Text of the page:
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The Climate Change Peril and the Nuclear Peril: Different in both Magnitude and Immediacy

October 15, 2009

by Tad Daley

It is difficult to dispute that global climate change poses the single greatest long-term peril to human civilization, at least as such things can be perceived from our present vantage point. However, it is equally difficult to dispute that the nuclear peril — in its many incarnations — poses the single greatest immediate such peril. Although climate change is undoubtedly already having profound effects in certain areas, its most worrisome impacts probably still lay some two or three or five decades down the road. But a major world city, without any warning, could suddenly disappear into a vaporized radioactive cloud tomorrow morning. All in the blink of an eye, the snap of a finger, the single beat of a human heart.

It could be a successful attack by nuclear terrorists. (It is well documented that both Al Qaeda and other militant groups have aspired to carry out such an attack, and explored the routes by which they might do so.) It could be an accidental nuclear launch, of one or 101 nuclear warheads. (Hardly any Americans know that thousands of nuclear weapons, in American and Russian and other arsenals, remain poised on hair-trigger alert, and that dozens of near accidental nuclear launches have taken place in the history of the nuclear age – some with only minutes to spare.) It could be a hot political crisis between one or more nuclear-armed countries, with some leader under intense pressure, sweating, getting advice from five sides, hasn’t slept in three days, getting harassed about something or other by his wife or his kids or his mistress … and he decides to push the button. (The world came close to such an eventuality during the Cuban missile crisis in 1962, the Able Archer episode in 1983, and possibly on several other occasions as well.) Alternatively, it could be not political calculations turning into nuclear miscalculations in a moment of fear and uncertainty and panic, but instead a sober, considered, rational calculation by the leadership of some state that for some international political tangle, the benefits of a nuclear first strike exceed the costs. (If that sounds fantastic, consider that the Administration of George W. Bush proffered just such a possibility in its December 2001 Nuclear Posture Review, named seven states as the possible targets of an American nuclear first strike, and – according to investigative journalist Seymour Hersh of The New Yorker magazine – seriously considered actually carrying one out against the nation of Iran.)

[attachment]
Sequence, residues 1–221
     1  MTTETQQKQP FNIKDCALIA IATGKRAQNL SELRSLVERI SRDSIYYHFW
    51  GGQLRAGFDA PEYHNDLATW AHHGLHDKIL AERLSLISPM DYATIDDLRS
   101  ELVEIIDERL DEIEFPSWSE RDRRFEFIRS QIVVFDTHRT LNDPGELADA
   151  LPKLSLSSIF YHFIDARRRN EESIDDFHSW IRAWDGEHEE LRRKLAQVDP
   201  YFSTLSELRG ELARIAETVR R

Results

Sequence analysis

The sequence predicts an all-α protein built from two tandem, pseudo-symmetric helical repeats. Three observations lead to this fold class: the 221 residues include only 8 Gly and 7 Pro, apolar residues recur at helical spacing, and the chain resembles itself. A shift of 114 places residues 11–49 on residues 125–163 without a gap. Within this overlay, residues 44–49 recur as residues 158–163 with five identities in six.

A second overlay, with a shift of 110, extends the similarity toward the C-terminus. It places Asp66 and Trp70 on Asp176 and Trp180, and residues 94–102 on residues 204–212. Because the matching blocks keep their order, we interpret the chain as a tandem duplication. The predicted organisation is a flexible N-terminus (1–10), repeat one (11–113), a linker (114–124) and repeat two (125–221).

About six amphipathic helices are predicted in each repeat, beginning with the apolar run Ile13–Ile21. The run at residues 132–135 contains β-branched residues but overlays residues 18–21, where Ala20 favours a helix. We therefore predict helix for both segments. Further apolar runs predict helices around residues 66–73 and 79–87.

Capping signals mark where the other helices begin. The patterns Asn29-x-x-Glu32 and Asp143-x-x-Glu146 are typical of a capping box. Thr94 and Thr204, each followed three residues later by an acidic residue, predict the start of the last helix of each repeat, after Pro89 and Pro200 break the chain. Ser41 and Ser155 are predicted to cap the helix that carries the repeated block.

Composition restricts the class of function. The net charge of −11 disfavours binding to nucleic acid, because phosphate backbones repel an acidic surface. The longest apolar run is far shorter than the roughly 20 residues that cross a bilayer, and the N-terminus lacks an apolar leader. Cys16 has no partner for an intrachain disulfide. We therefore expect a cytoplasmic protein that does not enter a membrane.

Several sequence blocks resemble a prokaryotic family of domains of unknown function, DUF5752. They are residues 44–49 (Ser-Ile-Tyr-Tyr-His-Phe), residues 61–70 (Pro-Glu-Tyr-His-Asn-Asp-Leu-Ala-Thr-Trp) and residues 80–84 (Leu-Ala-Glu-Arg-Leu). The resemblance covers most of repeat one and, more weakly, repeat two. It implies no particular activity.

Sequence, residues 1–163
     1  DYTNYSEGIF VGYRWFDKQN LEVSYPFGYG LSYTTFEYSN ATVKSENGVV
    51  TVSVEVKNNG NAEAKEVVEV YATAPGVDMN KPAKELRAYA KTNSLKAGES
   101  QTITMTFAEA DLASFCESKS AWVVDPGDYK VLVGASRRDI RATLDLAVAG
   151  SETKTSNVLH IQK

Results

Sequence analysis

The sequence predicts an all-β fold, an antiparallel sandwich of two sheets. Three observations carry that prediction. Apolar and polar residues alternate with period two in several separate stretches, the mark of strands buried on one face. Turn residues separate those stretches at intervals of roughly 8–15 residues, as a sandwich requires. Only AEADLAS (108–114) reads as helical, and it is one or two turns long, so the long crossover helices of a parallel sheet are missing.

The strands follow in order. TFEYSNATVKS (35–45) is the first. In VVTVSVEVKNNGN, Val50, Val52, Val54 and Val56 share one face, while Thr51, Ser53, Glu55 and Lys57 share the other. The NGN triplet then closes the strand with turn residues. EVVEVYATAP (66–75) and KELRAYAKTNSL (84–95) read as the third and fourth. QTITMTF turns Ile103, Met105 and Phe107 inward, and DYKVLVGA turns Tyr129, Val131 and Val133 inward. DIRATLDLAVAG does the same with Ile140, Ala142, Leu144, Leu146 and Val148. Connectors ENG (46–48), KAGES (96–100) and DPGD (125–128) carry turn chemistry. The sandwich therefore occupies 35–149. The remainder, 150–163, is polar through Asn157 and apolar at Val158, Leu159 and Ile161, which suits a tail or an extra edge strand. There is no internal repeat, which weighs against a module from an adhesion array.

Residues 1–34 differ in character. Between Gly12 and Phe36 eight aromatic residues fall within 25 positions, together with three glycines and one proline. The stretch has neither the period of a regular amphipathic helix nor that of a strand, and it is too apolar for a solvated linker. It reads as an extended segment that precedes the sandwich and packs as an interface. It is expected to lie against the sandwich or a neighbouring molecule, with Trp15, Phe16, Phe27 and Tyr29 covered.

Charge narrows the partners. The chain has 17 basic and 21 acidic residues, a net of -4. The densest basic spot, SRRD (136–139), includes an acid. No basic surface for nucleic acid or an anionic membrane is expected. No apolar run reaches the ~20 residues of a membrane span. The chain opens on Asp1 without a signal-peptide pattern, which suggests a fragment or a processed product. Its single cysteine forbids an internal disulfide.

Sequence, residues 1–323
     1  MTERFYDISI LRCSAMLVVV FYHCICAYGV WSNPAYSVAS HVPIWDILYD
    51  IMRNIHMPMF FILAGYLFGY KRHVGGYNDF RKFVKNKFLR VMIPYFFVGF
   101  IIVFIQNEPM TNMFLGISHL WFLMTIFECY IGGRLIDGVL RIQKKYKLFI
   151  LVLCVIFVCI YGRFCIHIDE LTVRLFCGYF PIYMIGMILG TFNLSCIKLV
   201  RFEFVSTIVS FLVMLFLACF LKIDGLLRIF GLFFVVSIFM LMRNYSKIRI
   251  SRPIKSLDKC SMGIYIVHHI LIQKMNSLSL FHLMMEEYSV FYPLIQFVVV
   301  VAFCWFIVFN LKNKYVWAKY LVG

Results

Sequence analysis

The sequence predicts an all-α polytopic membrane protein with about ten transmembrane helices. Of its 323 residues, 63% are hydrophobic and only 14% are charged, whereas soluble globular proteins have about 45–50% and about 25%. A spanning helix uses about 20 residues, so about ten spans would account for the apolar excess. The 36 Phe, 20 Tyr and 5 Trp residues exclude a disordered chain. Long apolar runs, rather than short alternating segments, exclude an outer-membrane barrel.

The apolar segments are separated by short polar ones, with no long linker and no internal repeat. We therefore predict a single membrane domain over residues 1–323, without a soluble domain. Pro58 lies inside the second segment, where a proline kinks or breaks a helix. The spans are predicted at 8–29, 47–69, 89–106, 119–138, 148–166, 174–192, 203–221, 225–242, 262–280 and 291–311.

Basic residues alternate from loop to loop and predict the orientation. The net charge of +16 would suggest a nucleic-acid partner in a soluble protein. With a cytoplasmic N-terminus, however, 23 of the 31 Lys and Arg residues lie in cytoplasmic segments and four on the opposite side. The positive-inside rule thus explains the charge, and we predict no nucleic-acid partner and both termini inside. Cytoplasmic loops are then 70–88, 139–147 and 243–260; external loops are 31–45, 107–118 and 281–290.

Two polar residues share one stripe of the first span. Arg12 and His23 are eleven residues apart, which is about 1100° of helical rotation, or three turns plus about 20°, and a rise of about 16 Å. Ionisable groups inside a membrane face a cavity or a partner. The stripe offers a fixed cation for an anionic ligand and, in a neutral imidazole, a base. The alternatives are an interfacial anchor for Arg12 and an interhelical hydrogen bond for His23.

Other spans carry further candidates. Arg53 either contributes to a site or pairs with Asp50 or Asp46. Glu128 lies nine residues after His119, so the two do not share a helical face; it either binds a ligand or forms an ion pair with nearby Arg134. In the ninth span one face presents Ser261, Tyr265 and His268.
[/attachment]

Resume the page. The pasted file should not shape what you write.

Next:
Moreover, no matter how badly we screw up the Earth’s climate in the century or so to come, it is difficult to conceive of any scenario where such changes could wipe out the entire human race, let alone our planet’s entire vast circle of life. Not so with the nuclear weapons. The worst-case scenario in the nuclear realm – one that we survived so precariously for nearly half a century and one that we may well have to confront again – is extinction. Not even just the extinction of our own species, but indeed perhaps of all species. The eradication of all life on our planet. Brought about by our own hands.

“There’s something so extreme about these weapons and their capacity to destroy much of the world’s population that has a dimension of absurdity,” says the psychiatrist and writer Robert Jay Lifton. “In my view, the only relatively accurate kind of perception of nuclear weapons is to see them in their apocalyptic dimension, in their world-destroying dimension. … One has to draw upon the apocalyptic dimension of what they do, and one also has to draw on the absurdity of us destroying our species by our own technology …”

To say that forever until the end of time we must base our national security on the threat to incinerate millions of innocents – and the possibility of exterminating us all – must be among the most profoundly cynical doctrines imaginable. What could be more immoral than that? What possible “national security” justification could there be for that? What kind of people are we just to complacently accept that? Even the barest possibility that we could conduct such an act, in one quick orgy of miscalculation or misunderstanding, must be beyond all toleration. The continued deployment of the nuclear weapon in national military arsenals, at bottom, represents a profound failure of our political and moral ingenuity. Surely, it is within the power of the human imagination to come up with some other, better ideas, for maintaining peace on earth.

Writing Fellow, International Physicians for the Prevention of Nuclear War

Author, APOCALYPSE NEVER: Forging the Path to a Nuclear Weapon-Free World, Forthcoming from Rutgers University Press, March 2010.

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